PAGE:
Safety in Myanmar is the #1 inquiry I receive about the country from friends, family, and fellow travelers. This makes sense considering its recent history of military dictator leadership. Here’s a sampling of those questions.
- Is it scary in Myanmar (Burma) or dangerous anywhere?
- Are tourists arrested for minor infractions?
- Are tourists robbed and murdered at random in the cities or in the countryside?
- Do the police harass tourists?
- What about kidnapping?
- Do local people hate Americans?
- Can tourists carry expensive cameras and wear jewelry?
- What scary things happen in Myanmar?
- Is it safe to travel solo?
- What about solo women travelers?
I traveled throughout the country for 5 weeks. Here are my most dangerous experiences with tips on avoiding them.
Safety in Myanmar is Imperative. Beware!
#1 Hotel Rooms
While in the countryside, I stayed in several budget hotel rooms where windows and doors were kept open, promoting a cool environment with the cross-breeze. They were lovely places in lovely towns, with very nice people at reception.
WARNING: If you stay in a place like this, do not turn on the lights in the middle of the night.
Of course, if you enjoy up close and personal experiences with insects and bugs of all sizes, then bring your butterfly net and get a full inventory of the various species that have made their way into your room. I’m not frightened of creepy crawlers in the least. In fact, at home I capture spiders that wander inside and release them outdoors. Yet, at 2am when I simply want to get out of bed and scamper down the hallway to the toilet, I have no intention of learning about unknown fauna sharing my bedroom floor and walls, some as long as my middle finger. Thank goodness I slept under a mosquito net! Where are those geckos and other bug eating lizards when I want them?
#2 Fresh Fruit
When people are knocking fruit out of trees, be sure to stand a safe distance away. Most fruits are small, so will only give you a hard whack on the head. Nevertheless, jackfruits are huge and can weigh up to 40 pounds / 18 kg! Be careful! It can be really bad if you get injured. Healthcare is not perfect, so take care of your safety in Myanmar. The closest world-class hospital is located in Bangkok, Thailand, which is several hours away at a minimum.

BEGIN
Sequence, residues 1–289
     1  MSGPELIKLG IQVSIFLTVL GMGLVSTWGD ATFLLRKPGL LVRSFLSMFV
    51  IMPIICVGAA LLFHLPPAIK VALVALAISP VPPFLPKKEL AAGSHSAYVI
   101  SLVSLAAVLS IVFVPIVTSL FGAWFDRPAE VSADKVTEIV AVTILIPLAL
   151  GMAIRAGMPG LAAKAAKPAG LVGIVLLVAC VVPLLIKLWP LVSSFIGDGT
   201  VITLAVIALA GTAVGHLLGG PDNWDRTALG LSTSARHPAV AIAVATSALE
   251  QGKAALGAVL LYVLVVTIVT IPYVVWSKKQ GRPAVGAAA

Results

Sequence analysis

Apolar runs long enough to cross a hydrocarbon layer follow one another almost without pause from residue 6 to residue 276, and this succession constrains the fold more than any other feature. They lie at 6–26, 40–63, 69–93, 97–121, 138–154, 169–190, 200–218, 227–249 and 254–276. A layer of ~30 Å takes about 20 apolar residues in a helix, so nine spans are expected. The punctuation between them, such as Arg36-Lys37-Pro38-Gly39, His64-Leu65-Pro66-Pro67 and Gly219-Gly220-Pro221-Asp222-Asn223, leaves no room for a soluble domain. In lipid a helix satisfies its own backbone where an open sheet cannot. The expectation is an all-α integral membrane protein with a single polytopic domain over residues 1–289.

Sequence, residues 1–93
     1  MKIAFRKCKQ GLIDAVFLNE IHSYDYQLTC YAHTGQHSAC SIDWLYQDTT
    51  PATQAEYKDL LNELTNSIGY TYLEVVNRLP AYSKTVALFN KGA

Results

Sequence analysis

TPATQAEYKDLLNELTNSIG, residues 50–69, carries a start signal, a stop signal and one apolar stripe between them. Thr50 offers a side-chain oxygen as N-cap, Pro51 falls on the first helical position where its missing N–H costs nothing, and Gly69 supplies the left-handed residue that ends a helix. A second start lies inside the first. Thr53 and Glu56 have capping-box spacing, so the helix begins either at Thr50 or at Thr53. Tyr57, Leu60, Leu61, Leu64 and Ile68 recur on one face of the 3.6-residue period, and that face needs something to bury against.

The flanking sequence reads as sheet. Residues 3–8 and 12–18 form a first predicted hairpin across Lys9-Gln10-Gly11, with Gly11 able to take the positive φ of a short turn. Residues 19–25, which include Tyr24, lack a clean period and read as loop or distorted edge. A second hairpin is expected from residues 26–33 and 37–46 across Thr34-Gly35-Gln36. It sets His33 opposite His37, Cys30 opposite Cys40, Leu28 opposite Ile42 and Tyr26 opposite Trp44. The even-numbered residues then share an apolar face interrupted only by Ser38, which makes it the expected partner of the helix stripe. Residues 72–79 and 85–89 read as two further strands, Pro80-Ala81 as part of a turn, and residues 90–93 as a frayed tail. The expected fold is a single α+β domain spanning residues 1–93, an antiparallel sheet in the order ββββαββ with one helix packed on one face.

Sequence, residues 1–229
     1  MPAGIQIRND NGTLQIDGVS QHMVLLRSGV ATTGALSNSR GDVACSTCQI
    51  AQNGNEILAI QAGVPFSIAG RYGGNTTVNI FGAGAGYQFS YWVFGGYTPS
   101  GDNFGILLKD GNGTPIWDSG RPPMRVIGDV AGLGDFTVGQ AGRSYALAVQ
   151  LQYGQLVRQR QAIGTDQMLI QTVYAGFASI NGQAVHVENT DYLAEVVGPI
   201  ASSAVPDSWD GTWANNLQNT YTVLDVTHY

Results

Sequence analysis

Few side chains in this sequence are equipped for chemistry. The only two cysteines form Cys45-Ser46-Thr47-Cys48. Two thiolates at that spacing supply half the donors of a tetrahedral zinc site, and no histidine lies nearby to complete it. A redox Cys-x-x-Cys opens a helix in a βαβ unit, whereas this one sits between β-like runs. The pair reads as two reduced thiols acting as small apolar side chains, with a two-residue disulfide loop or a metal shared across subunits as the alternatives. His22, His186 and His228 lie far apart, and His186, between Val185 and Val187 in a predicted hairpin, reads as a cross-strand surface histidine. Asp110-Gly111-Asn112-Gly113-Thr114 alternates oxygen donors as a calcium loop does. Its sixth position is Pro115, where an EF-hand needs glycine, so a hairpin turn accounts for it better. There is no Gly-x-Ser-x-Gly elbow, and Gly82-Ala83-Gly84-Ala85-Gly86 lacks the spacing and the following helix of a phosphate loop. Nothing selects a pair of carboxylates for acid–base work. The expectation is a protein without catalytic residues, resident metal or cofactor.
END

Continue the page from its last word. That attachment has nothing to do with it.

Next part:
#3 Baggage… Robbed?
Watch out that your baggage does not go missing. Robbed? Highly unlikely in Myanmar.
The bus arrived at 3 a.m. and I could not find the yellow plastic bag with my hiking boots in the overhead bin. First, I was shocked—who would want my boots? Searching high and low around my seat, I found a white plastic bag with several pairs of shoes that the woman sitting next to me had left under her seat. Not mine. I left the bag on the seat. Exiting the bus, I saw the woman’s daughter holding a yellow plastic bag. Without the language skills to ask questions, I simply reached over, untied the bag, and saw my boots inside. I took the bag and pointed inside the bus, so they would know that their bag was back at our seat.
Lesson learned: when everyone groggily scrambles off a bus in the middle of the night, keep an eye on your belongings! It’s scary when something important goes missing. Luckily, it was only boots in my experience.
Pro Travel Tip:
Count your bags once you’ve boarded transportation and are seated. Then count again before exiting. The numbers should match! This is useful because normally I have two bags—one for gear and one for clothes. However, when I sit down for a 6+ hour bus or plane ride, I take things out for easy access and for squishing a big bag into a tiny overhead bin. Suddenly I have a bag of snacks, a bag with shoes, a backpack, and a camera gear bag. So, I’ve gone from 2 bags to 4 bags. My exit number is 4 bags. Sometimes I’ll even write the number on my hand, in case I forget the number.
Scary Roads in Myanmar
Minibus drivers have routes, and I know that they know the roads like the back of their hand. However, on one particular route, the narrow road twists around steep cliff sides without road barriers while the minibus moves at full speed, consistently giving several passengers motion sickness. Our driver, chewing on betel and giving himself Dracula-red teeth and lips, alerts drivers on the other side of the blind curves by honking the horn, and it feels fairly safe… until we pass a motorcycle laid down at one of the turns.
As we continued down the winding hillside, I wondered if I should have participated in the short prayer conducted by my fellow passengers at the beginning of our 7-hour ride. Then I remember that our driver did not pray, and he alone is in charge of our lives. Sometimes safety in Myanmar is out of the tourists control.